India recently announced plans to require its citizens to enter their caste in the 2011 national census, the first such count since the days of the British Raj. The plan has set off vigorous debate at home and is confounding many in the United States, where India’s—and other South Asian nations’—deeply embedded class hierarchy is often dismissed as antiquated and discriminatory. In fact, after gaining independence in 1947, India’s political leaders removed caste from all official records.
But the obligatory, far-reaching caste count, the first since the British census of 1931, would provide the basis for quotas for university enrollment spaces, government employment, social welfare and other entitlement programs. Caste distinctions are starting to blur among India’s expanding urban middle class, but caste is still synonymous with destiny in most of the subcontinent. The concept might be elusive to westerners, but most Indians would have trouble concealing their castes, which are reflected in surnames, villages, and occupations. As a glance at Indian matrimonial advertisements shows, even the nation’s millions of highly educated, globally oriented citizens continue to seek spouses only among their own castes or close subcastes. And although a very small percentage of India’s 160 million Dalits—once called “Untouchables”—now attend university and enter skilled professions, members of this former pariah population are still deemed unworthy of handling Brahmins’ food and are charged with the most menial, offensive tasks, like carting off human waste.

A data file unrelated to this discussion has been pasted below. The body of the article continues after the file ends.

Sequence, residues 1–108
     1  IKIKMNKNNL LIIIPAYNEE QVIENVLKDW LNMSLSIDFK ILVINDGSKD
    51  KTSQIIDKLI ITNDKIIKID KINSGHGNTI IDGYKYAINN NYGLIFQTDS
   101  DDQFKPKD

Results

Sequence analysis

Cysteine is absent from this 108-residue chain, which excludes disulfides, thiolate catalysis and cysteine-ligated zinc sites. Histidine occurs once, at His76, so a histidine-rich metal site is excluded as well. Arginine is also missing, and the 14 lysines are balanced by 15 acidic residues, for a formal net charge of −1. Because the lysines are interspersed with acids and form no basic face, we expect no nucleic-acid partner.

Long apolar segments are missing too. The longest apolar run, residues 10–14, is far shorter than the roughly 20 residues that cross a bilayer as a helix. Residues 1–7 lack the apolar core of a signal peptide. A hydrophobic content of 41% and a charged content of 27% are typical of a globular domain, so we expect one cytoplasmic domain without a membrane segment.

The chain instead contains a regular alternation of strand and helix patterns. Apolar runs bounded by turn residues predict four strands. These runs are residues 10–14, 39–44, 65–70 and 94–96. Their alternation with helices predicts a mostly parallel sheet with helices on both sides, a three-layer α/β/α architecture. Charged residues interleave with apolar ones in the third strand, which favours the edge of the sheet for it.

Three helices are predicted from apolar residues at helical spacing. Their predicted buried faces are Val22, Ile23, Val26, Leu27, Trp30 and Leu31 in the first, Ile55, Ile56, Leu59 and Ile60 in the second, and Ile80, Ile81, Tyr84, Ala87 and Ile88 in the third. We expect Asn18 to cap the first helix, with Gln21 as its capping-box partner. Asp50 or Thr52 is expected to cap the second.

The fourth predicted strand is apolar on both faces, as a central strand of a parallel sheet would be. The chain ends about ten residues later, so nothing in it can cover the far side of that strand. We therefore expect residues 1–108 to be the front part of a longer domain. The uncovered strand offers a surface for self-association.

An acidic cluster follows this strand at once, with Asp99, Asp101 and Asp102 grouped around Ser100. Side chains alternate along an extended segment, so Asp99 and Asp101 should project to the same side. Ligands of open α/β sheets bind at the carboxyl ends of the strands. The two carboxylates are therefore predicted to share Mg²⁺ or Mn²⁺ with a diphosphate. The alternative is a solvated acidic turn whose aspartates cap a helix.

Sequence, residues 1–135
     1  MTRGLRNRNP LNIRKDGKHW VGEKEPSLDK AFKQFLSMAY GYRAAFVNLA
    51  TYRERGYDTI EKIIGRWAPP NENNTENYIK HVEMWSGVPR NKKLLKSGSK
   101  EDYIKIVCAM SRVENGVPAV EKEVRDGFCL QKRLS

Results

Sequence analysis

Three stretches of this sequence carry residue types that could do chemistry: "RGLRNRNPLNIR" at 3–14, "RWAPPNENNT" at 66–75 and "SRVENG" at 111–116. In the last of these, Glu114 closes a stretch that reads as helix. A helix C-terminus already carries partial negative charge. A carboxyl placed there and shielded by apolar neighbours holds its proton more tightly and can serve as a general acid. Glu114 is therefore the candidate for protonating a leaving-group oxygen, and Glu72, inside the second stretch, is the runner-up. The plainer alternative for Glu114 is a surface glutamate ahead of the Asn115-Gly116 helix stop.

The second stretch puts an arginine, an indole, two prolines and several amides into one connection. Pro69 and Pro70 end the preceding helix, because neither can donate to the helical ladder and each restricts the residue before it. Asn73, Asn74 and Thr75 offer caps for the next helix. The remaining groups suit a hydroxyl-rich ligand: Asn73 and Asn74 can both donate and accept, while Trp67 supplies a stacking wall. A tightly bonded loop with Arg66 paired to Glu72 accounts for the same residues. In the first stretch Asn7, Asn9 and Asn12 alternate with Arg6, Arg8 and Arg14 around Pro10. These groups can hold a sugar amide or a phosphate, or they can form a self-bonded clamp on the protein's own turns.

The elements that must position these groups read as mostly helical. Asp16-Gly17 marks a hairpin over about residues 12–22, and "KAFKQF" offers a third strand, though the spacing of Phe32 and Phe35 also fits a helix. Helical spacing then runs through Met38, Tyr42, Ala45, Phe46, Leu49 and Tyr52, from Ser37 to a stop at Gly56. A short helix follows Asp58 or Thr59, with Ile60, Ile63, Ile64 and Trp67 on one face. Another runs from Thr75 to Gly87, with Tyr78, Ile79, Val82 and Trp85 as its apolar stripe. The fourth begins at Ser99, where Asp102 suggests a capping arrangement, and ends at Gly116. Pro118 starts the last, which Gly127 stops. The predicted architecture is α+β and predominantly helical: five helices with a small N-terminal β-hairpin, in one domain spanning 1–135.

India’s four main castes—from privileged Brahmins and Kshatriya “warriors” to the Vaishya, or merchants, and Shudra, the laborers—have spawned hundreds of subcastes, which continue to sprout today. With its Hindu foundations and centuries of pragmatic refinements, it’s a potentially confusing, nuanced system that is often poorly understood by westerners. To put the census decision into historical and social perspective, BU Today spoke with Frank Korom, a College of Arts & Sciences professor of religion and anthropology, who has traveled and worked extensively in South Asia.
BU Today: What do you make of India’s decision to include caste in its upcoming census?
Korom: Caste has always been there. The last time, the caste census was to better serve the Raj; this time it’s to better serve individuals or the people as a whole. For the Raj it was a way of learning who was out there, the old divide-and-rule policy, and the census was a mechanism for this control. It was inherited by independent India, so I’m not surprised.
Among Indians, is it obvious who belongs to which caste?
The surname usually reflects the caste. Castes are occupationally based. And then you have the subcastes. But usually the name alerts you—it’s a carpenter name, a printer name, a priestly name, or one of the major Brahmin names, which can vary from region to region. You have caste dialects. A linguist can tell who is an outcaste, or Dalit. And sometimes clothing is an indication. In a village, everyone knows everyone’s caste. It’s your caste group with whom you have the most dealings.
How much does caste influence everyday life in India?
Caste is an everyday reality. The most recent studies show that even in urban areas, where class concerns are more important than caste concerns, the marrying up rule is still the same, and Brahmin daughters marrying below their caste, or falling in love with an untouchable, can still face village gangs. You have caste brotherhoods in London, and even among the Hindu diaspora. Look at the matrimonials [newspaper and online advertisements]—it’s all based on caste. Especially for the most affluent, marriages are about alliances; a desirable match benefits the entire family.